New figures released today have shown that net migration fell dramatically in the year after the EU referendum.
Between June 2016 and June 2017, net migration tumbled to 230,000 which represents a drop of nearly a third.
It is the first full year figures released since the referendum to determine whether the UK should remain inside the EU.
The figures which were released by the Office for National Statistics is still way short of the "tens of thousands" figure that the Conservatives have repeatedly pledged to reach.
In the 12-month period, the figures showed that 572,000 people arrived in the UK, and 342,000 emigrated in the one year time period.
The ONS revealed that a drop in net migration of 106,000 compared to 2015-2016 was the largest such decrease ever recorded.
The latest data also found that the result of the EU referendum which saw 52% of people vote to leave the EU did have an impact on the flow of people in and out of the UK.
The number of people coming to look for work inside the UK dropped by 43% and "Brexit is likely to be a factor in people's decision to move to or from the UK," the ONS said.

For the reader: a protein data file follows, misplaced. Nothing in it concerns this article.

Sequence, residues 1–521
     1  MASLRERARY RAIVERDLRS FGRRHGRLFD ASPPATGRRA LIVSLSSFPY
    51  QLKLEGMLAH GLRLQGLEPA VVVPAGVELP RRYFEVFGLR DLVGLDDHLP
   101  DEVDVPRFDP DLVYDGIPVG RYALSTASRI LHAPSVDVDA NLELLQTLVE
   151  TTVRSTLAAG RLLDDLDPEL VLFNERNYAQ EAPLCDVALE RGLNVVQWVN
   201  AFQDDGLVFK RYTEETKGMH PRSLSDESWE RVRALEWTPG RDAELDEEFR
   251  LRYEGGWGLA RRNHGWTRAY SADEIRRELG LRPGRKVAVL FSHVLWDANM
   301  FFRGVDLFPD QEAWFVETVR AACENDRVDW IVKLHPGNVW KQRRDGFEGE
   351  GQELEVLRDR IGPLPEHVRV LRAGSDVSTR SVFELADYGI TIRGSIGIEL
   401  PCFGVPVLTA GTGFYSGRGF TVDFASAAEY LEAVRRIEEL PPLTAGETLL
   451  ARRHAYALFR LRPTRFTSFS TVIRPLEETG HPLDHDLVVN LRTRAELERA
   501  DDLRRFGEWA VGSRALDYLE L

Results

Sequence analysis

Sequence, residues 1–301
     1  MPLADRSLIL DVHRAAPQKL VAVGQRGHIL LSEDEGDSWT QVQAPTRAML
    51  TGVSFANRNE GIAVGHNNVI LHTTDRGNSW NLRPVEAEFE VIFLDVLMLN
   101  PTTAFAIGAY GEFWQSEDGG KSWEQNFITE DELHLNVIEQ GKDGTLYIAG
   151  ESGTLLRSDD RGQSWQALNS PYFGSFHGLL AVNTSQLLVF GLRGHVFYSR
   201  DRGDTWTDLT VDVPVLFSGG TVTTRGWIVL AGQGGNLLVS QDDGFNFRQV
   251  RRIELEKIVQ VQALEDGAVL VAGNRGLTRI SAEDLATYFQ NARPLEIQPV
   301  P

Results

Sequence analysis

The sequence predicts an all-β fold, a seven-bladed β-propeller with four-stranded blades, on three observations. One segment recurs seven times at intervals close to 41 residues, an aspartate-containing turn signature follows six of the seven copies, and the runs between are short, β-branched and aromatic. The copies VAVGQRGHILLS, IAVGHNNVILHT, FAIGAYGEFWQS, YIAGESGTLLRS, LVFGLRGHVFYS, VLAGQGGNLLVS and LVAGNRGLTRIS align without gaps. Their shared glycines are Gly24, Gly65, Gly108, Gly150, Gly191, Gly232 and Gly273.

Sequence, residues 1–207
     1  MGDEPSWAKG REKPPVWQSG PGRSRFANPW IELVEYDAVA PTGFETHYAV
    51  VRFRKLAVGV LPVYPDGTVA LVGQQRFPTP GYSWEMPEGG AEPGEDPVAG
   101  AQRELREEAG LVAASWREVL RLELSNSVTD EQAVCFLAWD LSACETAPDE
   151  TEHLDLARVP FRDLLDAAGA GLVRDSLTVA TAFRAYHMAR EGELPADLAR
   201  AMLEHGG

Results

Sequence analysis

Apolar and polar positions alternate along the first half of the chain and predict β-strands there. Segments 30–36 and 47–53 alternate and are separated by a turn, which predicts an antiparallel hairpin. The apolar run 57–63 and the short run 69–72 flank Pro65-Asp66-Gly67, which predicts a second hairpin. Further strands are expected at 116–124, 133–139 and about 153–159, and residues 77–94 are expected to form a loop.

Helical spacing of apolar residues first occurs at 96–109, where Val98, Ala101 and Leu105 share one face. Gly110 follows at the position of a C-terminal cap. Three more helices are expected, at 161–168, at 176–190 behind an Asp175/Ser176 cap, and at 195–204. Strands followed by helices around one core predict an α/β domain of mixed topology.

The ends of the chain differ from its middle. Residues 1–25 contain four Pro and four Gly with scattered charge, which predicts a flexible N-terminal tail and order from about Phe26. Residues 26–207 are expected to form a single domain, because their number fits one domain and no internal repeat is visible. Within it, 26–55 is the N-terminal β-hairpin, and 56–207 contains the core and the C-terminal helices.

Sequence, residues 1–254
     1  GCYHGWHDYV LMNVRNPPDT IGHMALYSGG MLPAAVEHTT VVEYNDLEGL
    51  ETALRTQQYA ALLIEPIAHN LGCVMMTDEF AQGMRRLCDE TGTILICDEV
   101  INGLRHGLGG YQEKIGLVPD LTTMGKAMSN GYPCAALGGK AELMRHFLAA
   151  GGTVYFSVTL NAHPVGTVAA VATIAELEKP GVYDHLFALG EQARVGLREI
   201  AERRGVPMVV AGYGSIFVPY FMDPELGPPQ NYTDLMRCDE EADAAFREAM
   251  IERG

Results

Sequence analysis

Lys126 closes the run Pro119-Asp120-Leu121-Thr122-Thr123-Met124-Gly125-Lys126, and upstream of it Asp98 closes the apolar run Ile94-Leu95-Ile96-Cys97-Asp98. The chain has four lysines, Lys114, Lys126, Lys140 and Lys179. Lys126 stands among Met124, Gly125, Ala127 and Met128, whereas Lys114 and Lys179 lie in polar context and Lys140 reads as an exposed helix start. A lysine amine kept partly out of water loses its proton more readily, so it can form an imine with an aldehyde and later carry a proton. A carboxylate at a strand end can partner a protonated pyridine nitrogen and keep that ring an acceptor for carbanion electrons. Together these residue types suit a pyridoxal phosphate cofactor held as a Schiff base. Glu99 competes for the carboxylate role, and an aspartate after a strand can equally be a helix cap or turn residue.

The number of non-EU citizens leaving the UK remained steady, but the numbers relating to people from inside the EU increased by a third.
But applications to become British citizens from EU citizens also increased by 80%.
Professor Jonathan Portes, senior fellow at The UK in a Changing Europe, said: "[The figures] show that even long before any changes are made to the principle of free movement - which looks likely to continue in effect until at least 2021 - the UK has become a less attractive place for European migrants."